I have checked a number of posts and regex examples but for some reason I can't get the leading 0's to be removed from the date string below. Can anyone see what I am doing wrong?

wanted result: 4/6/2022

What I have tried:

String shipDate = '04/06/2022';
String shipDate2 = '04/06/2022';
String shipDate3 = '04/06/2022';
String shipDate4 = '04/06/2022';
system.debug('1::: ' + shipDate.replaceFirst('^0+', ''));
system.debug('2::: ' + shipDate2.replaceFirst('^0+(?!$)', ''));
system.debug('3::: ' + shipDate3.replaceAll('/\b0/g', ''));
system.debug('4::: ' + shipDate4.replaceFirst('\b0/g', ''));

I have tried all of these suggestions: https://stackoverflow.com/questions/8897298/remove-leading-zeroes-in-datestring and can see here https://regex101.com/ that the \b0 works...is there something with apex that doesn't like regex expressions formatted like this?

  • 1
    This is an X-Y Problem. Why do you want to remove the zeroes (what is your X)?
    – sfdcfox
    Apr 13, 2022 at 18:52
  • Why do you want to remove the leading zeros? Also, why aren't you using ISO 8601 date format here? YYYY-MM-DD helps keep things unambiguous.
    – Derek F
    Apr 13, 2022 at 18:56

2 Answers 2


If you really want a locally formatted date, you can use Date.parse and Date.format:

String shipDate = '04/06/2022';

However, be aware that Date.parse depends on the user locale, and the format method also depends on the user locale. In other words, this answer will only work if the date is formatted in the correct locale for the user.

A more literal interpretation, we can split, format, and join, like this:

String shipDate = '04/06/2022';
String[] values = shipDate.split('/');
for(Integer i = 0; i < values.size(); i++) {
    values[i] = Integer.valueOf(values[i])+'';

For a Regular Expression approach, you can use:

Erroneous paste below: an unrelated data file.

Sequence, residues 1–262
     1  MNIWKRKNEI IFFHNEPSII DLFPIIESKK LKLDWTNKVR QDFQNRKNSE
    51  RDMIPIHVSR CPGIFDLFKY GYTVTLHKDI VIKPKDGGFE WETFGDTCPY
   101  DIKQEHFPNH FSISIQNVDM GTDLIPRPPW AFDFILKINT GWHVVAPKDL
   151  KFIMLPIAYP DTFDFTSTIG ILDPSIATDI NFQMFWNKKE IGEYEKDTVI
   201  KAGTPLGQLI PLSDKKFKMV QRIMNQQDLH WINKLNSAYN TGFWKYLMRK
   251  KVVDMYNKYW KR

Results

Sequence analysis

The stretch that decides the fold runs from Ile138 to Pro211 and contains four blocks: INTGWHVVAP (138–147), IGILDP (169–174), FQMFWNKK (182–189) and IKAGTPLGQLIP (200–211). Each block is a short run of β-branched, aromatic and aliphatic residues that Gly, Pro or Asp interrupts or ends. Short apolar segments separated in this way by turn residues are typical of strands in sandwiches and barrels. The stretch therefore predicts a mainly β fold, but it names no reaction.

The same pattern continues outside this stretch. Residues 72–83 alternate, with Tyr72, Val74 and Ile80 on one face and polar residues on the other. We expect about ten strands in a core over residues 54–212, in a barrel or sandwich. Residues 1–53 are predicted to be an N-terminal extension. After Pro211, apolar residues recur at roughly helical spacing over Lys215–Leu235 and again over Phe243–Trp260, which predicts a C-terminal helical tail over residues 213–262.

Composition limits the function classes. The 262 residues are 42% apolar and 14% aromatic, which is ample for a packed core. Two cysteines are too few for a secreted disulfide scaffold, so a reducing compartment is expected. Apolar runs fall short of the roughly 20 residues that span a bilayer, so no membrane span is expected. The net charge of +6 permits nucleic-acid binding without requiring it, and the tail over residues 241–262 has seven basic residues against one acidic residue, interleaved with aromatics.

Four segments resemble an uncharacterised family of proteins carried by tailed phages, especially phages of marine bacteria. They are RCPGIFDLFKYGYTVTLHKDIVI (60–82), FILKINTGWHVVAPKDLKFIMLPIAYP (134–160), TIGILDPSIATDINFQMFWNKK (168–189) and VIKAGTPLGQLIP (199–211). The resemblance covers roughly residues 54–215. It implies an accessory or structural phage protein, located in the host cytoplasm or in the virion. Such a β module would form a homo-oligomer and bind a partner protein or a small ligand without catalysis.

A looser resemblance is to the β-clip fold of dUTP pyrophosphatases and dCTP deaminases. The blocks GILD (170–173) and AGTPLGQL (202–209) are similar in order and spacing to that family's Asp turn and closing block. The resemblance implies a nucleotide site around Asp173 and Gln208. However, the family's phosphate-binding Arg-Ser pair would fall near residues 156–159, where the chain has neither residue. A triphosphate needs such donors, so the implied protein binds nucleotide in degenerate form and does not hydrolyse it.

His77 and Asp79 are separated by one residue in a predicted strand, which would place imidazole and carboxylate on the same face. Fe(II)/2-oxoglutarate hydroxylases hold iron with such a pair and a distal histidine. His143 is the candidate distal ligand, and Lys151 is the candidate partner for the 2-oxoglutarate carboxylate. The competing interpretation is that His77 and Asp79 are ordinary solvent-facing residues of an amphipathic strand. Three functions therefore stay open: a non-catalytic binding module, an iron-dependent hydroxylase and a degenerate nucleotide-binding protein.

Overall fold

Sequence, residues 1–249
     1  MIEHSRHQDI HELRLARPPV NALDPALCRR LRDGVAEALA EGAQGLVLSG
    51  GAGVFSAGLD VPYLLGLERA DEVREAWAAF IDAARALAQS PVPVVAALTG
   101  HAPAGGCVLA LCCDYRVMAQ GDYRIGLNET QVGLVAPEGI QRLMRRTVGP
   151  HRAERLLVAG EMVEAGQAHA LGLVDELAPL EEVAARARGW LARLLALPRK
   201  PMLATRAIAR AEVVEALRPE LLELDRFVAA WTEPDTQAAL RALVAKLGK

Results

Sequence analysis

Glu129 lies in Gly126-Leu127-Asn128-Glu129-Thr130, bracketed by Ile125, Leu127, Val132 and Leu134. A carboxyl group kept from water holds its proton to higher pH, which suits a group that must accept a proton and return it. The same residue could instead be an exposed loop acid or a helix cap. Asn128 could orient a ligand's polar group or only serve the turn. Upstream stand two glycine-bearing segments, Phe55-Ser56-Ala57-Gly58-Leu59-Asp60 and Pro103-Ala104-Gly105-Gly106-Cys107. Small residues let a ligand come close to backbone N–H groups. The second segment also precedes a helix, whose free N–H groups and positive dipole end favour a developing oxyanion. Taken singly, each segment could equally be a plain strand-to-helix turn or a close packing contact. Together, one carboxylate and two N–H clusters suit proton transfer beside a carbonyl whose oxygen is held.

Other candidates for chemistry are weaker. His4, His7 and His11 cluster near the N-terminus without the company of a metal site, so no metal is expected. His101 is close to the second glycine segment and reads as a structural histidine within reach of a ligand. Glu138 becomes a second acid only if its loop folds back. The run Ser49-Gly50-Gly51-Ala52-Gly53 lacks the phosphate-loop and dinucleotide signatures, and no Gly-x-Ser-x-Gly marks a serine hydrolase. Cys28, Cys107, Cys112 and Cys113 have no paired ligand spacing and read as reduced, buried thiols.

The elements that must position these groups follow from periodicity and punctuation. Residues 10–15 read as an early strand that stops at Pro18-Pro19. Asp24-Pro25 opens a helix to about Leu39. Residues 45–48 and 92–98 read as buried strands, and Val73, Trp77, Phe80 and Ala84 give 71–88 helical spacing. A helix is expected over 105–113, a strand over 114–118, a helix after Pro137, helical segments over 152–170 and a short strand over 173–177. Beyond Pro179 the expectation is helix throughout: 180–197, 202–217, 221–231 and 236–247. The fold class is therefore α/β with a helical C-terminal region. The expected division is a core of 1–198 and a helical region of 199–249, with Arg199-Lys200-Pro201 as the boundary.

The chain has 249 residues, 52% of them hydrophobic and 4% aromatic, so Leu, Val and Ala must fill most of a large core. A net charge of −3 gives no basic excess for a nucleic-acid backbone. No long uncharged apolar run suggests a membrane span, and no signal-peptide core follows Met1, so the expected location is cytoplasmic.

String shipDate = '04/06/2022';
// Option 1:
shipDate = shipDate.replaceAll('\\b0(\\d)','$1');
// Option 2:
shipDate = shipDate.replaceAll('\\b0','');

Note that if a Regular Expression wants an escaped character, such as \b or \d, you need to escape it again, because that's also Apex's escape character. This is why you see \\b and \\d in the example above.

Also note that Apex's Regular Expression format is closer to Java, not JavaScript, so /.../g doesn't actually do a global search, but just tries to match those characters. To enable the "g" flag, you have to do something like '(?g)\\b0' instead. Regardless, you don't need to, because replaceAll implies g.

You'll want to read Java's Pattern documentation for more information.


The formatting of date is best done via DateTime.format(...):

Converts the date to the specified time zone and returns the converted date as a string using the supplied Java simple date format.

Unfortunately converting a String such as 04/06/2022 into DateTime runs into a problem: neither Date nor DateTime support arbitrary formats for parsing. They assume you'll present a String in the current user's locale. While this is certainly doable for a well-known, fixed locale, in a more general case this becomes cumbersome. JSON to the rescue!

In JSON, the date/time format is not standardized...but it is standardized in JavaScript via ISO 8601. Many JSON implementations follow the "JSON is JavaScript" dogma and adopt ISO 8601 format as a best practice/convention:

Date: 2022-04-13 Date and time in UTC:

  • 2022-04-13T18:26:19+00:00
  • 2022-04-13T18:26:19Z
  • 20220413T182619Z

Salesforce's JSON serialization/deserialization engine happens to use ISO 8601. The timezone does matter when you're dealing with string/date conversion. If you omit the timezone, results can be confusing. This example does everything in GMT:

String shipDate = '04/06/2022'; // assume GMT
String[] shipDate_parts = shipDate.split('/');
String shipDate_iso8601 = String.format(
    '{0}-{1}-{2}T00:00:00Z', // YYYY-MM-DD:..
    new List <Object> {

DateTime dt = (DateTime) JSON.deserialize('"' + shipDate_iso8601 + '"', DateTime.class);
String shipDateWithoutZeros = dt.format('M/d/yyyy', 'GMT');

System.debug(shipDate + ' -> ' + dt + ' -> ' + shipDateWithoutZeros);


04/06/2022 -> 2022-04-06 00:00:00 -> 4/6/2022

to the debug log

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